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Unlike any other participatory cycling race, Unbound Gravel has the potential to help someone turn pro.
In 2019, it happened to race-winner Amity Rockwell. In 2017, Alison Tetrick’s victory in Kansas led the WorldTour pro down a very different yellow brick road. For multi-disciplinarian Amanda Nauman, two wins at DK meant more to her sponsors than ‘cross.
The race, which has no prize purse and will be broadcast live for the first time ever in 2021, can turn anyone into cycling royalty.
Isabel King hopes that this year she’ll be part of the court.
Queen of the Santa Monica mountains
King picked a very bad year to try and become a professional cyclist. If any deck is going to be stacked against you, a pandemic one might be the tallest. So, the 30-year old Californian spent the bulk of 2020 engaged in a different type of competition.
“One of the first QOMs that I took in late March was really well-known but small climb called Old Topanga,” King told VeloNews. “I paced it out with my friends, it was so fun. Then it was such a bummer because all of these other times in Malibu are so fast. From there, though, racing didn’t come back, so throughout the summer, it was like ‘which one do you wanna go for today?’ It became just like race day with butterflies in my stomach and everything.”
King’s year-and-change of going for Strava QOMs around her home in Santa Monica have resulted in more than 1,100 crowns. In that way, her story isn’t that unlike that of Drake Deuel, who we recently profiled after he smashed the Haleakala volcano KOM on the island of Hawaii.
But while Deuel hopes to break into the ranks of professional cycling using his Strava times coupled with what he hopes will be an extraordinary ride at the upcoming U.S. time trial nationals, King is going to use gravel to give it a go.
The gravel fast track
While King has been an athlete her entire life, cycling was a recent find. It was only after dabbling in triathlon — “I never fit in in the tri world, it was so mid-life crisis, so ‘aero is everything'” — that King realized she was a very good cyclist.
With timing being everything, deciding that she wanted to become a professional cyclist just before a global pandemic swept the world into shutdown proved challenging. However, King said that the time became valuable for really digging into how she was going to get there.
So, how did she land on gravel?
For one, it’s a place to start. King is building her own program from the ground up, and although she has some data to back up her potential, she’s lacking the results. It’s an unavoidable topic that comes up with everyone from team directors to bike industry sponsors.
“When I was trying to find sponsorships and partners, it was hard to not have race results and have someone take a chance on you,” King said. “I have power numbers and Strava numbers, but they’re like, ‘on race day how do you do?’
King competed in — and loved — the Vail Lake Pro XCT MTB race in March; however, it turned out to be a useful lesson in what discipline not to pursue.
“I loved it, it was like, ‘this is my vibe,'” she said. “But if you look at the top level of mountain biking, I’ll never be able to compete with someone like Kate Courtney.”
Basically, all signs were pointing to gravel. It combines the head-down time trial nature of triathlon but with a more fun and playful vibe. Plus, with a dearth of road racing opportunities in North America, it’s the fastest way to get the one thing King lacks: results.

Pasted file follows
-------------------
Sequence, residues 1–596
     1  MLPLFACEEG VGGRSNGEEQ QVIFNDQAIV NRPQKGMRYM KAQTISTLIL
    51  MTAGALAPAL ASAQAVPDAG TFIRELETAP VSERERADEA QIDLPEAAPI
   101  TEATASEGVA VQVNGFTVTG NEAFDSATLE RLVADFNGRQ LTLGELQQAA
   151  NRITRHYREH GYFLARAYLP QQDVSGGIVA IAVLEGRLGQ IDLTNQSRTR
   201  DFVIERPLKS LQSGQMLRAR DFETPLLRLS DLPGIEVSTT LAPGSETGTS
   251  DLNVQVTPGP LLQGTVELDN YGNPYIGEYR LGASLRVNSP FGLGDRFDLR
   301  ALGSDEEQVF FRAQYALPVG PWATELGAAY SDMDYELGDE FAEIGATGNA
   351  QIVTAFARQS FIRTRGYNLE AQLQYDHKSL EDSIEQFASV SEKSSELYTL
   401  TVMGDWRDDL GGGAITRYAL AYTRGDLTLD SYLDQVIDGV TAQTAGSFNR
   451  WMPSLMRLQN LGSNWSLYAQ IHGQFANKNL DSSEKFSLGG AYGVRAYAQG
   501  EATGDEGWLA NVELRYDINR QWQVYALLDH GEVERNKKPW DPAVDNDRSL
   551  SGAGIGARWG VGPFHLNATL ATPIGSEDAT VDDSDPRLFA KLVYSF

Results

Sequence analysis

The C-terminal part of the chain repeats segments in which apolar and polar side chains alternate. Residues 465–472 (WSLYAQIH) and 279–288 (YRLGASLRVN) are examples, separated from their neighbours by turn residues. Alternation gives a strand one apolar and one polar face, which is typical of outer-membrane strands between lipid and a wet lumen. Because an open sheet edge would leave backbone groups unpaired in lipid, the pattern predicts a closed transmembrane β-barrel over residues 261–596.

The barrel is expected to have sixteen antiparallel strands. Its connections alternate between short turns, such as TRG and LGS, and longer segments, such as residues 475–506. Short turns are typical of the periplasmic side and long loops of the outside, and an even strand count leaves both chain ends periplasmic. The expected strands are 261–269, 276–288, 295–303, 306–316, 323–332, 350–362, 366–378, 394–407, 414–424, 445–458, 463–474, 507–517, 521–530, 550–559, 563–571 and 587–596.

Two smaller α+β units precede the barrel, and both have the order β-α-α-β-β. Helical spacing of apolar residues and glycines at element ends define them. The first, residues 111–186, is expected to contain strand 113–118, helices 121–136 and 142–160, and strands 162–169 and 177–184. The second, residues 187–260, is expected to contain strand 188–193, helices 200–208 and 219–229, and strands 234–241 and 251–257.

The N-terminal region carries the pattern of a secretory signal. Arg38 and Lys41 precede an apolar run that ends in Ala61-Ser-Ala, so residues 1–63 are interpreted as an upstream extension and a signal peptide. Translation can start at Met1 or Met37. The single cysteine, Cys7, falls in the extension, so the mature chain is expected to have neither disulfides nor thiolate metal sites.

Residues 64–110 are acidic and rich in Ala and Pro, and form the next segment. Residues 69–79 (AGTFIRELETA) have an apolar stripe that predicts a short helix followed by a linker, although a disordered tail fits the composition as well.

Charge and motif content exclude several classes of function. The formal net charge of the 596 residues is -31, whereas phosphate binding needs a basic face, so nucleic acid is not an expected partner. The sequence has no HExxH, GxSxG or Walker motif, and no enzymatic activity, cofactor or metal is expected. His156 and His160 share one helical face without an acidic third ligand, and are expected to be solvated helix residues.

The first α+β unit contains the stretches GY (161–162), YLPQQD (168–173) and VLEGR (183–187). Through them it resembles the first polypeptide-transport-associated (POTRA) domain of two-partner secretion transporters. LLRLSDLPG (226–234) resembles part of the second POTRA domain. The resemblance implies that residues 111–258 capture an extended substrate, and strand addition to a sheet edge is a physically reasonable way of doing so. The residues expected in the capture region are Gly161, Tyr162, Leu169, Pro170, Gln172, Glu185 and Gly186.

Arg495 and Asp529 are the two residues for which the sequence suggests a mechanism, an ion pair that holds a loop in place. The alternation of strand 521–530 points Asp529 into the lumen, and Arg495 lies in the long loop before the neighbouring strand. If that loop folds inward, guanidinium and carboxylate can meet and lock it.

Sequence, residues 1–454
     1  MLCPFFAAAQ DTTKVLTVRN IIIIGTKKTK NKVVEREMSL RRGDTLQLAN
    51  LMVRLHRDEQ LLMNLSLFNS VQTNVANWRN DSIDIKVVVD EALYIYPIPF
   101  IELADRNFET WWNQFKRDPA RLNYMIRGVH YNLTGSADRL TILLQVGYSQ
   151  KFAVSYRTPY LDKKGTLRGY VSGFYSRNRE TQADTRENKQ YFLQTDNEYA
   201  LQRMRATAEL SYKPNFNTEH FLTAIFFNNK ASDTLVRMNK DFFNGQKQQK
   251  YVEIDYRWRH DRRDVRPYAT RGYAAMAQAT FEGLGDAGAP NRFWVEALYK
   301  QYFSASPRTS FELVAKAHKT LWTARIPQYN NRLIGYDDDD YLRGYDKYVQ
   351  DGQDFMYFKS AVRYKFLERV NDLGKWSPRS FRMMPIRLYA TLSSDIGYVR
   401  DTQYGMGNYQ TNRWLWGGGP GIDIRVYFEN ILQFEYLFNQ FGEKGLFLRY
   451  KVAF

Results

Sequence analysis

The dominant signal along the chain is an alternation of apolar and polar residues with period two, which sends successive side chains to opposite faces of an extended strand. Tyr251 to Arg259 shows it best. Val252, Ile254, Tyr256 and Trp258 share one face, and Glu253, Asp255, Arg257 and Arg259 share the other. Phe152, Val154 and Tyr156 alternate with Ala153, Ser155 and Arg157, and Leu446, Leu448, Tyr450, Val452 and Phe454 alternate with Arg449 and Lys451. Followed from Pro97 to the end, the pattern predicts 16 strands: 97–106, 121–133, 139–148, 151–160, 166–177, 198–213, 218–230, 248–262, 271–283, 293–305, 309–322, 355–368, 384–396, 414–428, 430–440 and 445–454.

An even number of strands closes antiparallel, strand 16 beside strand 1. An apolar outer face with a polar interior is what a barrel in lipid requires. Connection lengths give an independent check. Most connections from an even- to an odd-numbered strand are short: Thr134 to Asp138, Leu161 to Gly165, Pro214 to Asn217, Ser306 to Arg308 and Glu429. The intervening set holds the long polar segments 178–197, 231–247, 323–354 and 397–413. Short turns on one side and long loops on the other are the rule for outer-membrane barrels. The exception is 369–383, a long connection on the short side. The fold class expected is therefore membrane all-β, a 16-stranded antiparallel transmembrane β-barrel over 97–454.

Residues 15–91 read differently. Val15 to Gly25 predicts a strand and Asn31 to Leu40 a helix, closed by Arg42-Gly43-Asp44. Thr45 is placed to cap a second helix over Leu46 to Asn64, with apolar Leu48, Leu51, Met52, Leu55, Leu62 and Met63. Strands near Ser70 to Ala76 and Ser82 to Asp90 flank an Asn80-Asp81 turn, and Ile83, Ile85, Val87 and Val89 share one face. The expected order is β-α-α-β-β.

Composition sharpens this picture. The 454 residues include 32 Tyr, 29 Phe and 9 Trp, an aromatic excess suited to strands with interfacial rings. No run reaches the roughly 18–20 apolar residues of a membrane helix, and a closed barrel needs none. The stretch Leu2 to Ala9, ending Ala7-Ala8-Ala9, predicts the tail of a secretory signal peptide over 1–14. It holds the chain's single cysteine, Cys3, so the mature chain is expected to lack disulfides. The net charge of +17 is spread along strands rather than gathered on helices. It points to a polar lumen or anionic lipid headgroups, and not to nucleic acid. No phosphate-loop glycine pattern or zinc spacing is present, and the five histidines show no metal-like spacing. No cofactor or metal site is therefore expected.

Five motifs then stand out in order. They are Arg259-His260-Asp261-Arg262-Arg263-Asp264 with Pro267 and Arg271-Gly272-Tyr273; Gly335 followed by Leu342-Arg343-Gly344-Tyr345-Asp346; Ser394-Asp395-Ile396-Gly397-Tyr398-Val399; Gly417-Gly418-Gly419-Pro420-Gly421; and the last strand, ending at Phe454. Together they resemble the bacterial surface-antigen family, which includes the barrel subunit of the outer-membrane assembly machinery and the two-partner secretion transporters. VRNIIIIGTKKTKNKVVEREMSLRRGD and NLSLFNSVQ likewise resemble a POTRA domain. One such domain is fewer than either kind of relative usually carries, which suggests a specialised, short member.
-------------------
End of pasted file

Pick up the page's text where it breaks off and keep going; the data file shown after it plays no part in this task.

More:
King isn’t anxious that she’s coming into the sport too late, or that she won’t be able to catch up. Again, a summer of gravel racing can fill in years’ worth of gaps.
There is another part to being a pro cyclist that the pandemic gave King time to refine, as well. Like many people, she was struck by a sense of wanting to help, to do something meaningful with all the miles on the bike. In late May of 2020, she launched the Mountains for Medics campaign, in which she’d ride 112 miles and 12,000 feet for three days in a row — the numbers were chosen to represent the three-day, 12-hour shifts of healthcare workers.
King raised over $23,000 for UCLA Health with the project, aided partially by the fact that she had a VIP join her for some of the rides. Another pandemic surprise for King was a newfound friendship with former NBA great-turned mountain biker Reggie Miller. He reached out to her via Instagram after she’d captured yet another QOM on a hill near his house and asked if she’d be keen for a training ride.
The two became fast friends, both on the bike and off. When Miller partnered with apparel brand Castelli to launch the Say Their Names jersey to benefit the Equal Justice Initiative, he asked for King’s support in promoting the project.
King said that all of the hours she and Miller have spent together on the bike have fomented a friendship that may not have been possible otherwise.
“We’ve had such different lives and upbringings, and in this moment, bikes have brought us together,” King said. “So for the next six hours, we’re gonna enjoy this thing. Some of the best conversations are on bikes. You’re out there and vulnerable in a different sense. Something about being next to someone people open up more rather than when you’re face to face.”
Whether she is smashing SoCal QOMs, raising awareness, or riding with Reggie, Isabel King is putting in the miles — and meaning — that could help her break into the ranks of professional cycling. Saturday’s race at Unbound Gravel will be her first chance to put it all together, and King couldn’t be more excited.
“I’m so pumped,” she said. “The panic of ‘I’m not ready!’ and then ‘no, I’m so ready.’ I’m excited to finally get on the start line and just do what we love. At the end of the day, this is an opportunity that I’m so thankful and grateful to have.”